A crusade against alcoholism could have led to the killing of the five women in Jharkhand, who were branded as witches by fellow villagers, police suspect.
The women aged between 45 and 50, who were lynched by a mob early on Friday at Kanjiya village, barely 40km from Ranchi, could have been victimized for campaigning against alcoholism that is rampant among the tribal people in the region, police said.
Jharkhand, where there are frequent reports of fatal attacks on women who locals say have cast curses that are blamed for poor crops, illness or misfortune.
Experts say superstitious beliefs are behind some of these attacks, but there are occasions when people - especially widows - are targeted for their land and property.
The deceased--Jacinta Khalko, Etawari Khalko, Madani Khalko, Titri Khalko and Rakia Khalko-- had actively participate in anti-alcohol campaigns during the 2014 national and state elections, police investigations have revealed.
"Apart from the superstition (angle), we are probing whether the anti-alcohol movement led to the death of these women," said superintendent of police (rural) Rajkumar Lakra. The interrogations are being carried out.”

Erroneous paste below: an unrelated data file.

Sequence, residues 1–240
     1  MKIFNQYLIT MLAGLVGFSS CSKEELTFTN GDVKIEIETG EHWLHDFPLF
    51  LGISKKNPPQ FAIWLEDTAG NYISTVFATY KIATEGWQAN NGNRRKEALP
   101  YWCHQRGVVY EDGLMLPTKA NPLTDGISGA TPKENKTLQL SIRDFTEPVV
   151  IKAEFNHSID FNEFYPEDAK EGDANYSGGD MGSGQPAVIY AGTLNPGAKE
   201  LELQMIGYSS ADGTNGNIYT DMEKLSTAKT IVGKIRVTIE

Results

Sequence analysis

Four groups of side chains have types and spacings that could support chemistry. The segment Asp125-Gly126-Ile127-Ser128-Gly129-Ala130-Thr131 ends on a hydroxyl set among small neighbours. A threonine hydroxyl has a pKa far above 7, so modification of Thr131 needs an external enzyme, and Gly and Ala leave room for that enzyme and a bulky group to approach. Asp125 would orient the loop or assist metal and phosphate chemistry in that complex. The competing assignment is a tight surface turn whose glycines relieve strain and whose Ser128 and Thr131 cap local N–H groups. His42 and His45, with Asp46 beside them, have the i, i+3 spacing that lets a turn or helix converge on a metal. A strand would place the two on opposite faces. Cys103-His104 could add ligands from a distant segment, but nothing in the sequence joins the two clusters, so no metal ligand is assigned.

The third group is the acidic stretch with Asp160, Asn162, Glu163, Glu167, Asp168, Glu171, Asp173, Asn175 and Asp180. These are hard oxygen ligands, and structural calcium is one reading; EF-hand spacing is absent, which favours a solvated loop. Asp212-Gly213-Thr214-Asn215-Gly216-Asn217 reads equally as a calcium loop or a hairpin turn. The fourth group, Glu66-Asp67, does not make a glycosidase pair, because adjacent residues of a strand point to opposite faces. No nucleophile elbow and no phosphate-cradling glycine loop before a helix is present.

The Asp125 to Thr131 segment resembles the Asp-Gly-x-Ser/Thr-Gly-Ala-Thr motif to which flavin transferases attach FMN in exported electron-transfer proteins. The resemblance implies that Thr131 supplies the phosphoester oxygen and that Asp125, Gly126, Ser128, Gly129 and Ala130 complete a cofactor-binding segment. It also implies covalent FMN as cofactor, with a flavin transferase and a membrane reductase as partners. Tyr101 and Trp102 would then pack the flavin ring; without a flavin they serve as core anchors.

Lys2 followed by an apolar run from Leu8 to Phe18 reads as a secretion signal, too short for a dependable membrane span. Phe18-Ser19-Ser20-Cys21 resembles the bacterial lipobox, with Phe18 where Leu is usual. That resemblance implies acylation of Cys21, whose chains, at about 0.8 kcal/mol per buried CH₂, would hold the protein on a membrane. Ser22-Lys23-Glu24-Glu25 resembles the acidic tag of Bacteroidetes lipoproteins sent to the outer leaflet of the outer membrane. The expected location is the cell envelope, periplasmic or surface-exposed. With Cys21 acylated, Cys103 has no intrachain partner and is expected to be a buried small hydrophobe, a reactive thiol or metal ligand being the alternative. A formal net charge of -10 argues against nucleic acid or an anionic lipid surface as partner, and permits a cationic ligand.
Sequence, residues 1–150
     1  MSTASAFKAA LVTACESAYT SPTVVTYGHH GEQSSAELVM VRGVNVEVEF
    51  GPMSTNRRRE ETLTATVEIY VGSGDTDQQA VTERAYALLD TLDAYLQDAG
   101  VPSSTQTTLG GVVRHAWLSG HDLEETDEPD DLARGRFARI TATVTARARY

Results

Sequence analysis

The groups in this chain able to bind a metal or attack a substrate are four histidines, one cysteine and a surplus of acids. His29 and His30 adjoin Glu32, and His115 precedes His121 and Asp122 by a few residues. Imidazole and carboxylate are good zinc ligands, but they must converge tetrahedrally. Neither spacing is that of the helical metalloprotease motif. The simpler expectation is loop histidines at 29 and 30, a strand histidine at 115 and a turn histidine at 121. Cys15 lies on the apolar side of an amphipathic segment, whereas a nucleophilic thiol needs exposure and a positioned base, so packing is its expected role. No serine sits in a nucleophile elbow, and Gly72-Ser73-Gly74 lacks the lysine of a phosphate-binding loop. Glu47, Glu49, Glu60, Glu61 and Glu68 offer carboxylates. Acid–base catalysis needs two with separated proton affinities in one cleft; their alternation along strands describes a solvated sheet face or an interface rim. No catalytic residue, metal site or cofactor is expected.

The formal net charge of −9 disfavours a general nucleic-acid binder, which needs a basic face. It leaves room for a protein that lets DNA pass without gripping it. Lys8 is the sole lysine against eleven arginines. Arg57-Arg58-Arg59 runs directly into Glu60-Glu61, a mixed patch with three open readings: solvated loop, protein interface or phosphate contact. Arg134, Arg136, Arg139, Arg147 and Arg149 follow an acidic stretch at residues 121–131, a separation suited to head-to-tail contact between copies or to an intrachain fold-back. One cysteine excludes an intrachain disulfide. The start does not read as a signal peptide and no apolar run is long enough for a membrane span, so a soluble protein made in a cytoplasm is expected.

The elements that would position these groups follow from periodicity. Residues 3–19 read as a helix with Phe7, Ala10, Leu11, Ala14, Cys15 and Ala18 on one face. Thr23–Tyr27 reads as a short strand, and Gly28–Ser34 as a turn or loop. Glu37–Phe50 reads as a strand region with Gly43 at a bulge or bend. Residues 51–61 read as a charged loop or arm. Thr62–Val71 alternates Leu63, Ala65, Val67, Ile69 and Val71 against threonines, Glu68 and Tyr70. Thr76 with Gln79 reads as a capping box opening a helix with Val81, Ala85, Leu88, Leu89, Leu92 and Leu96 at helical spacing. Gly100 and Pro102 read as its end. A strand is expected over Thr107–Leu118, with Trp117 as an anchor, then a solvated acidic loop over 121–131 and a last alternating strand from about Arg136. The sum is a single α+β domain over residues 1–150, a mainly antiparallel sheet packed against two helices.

Deputy inspector general of police AK Singh said: “There are a lot of dimension to the investigation. Each angle is being probed. We will soon have results."
, stripped and lynched to death by villagers allegedly for practicing witchcraft.
The death of five children in the village within a span of six months had deepened the superstitious beliefs and suspicion of the villagers who said that the women had cast spell on them.
According to the state social welfare department records, around 1,046 women were killed after being branded witches between 1995 and 2014.
Jharkhand police records show a gradual increase in the number of witch hunt related killings - 36 in 2012, 54 in 2013 and 56 until November 2014.
Land disputes accounts for more than 70% of the witch hunt killing in the state, said Mahua Majhi, the chairperson of the state women commission. “The killings often disguise family feuds or land disputes,” she said.
Experts say drinking liquor is imbedded in the tribal culture and it was a difficult task to end it.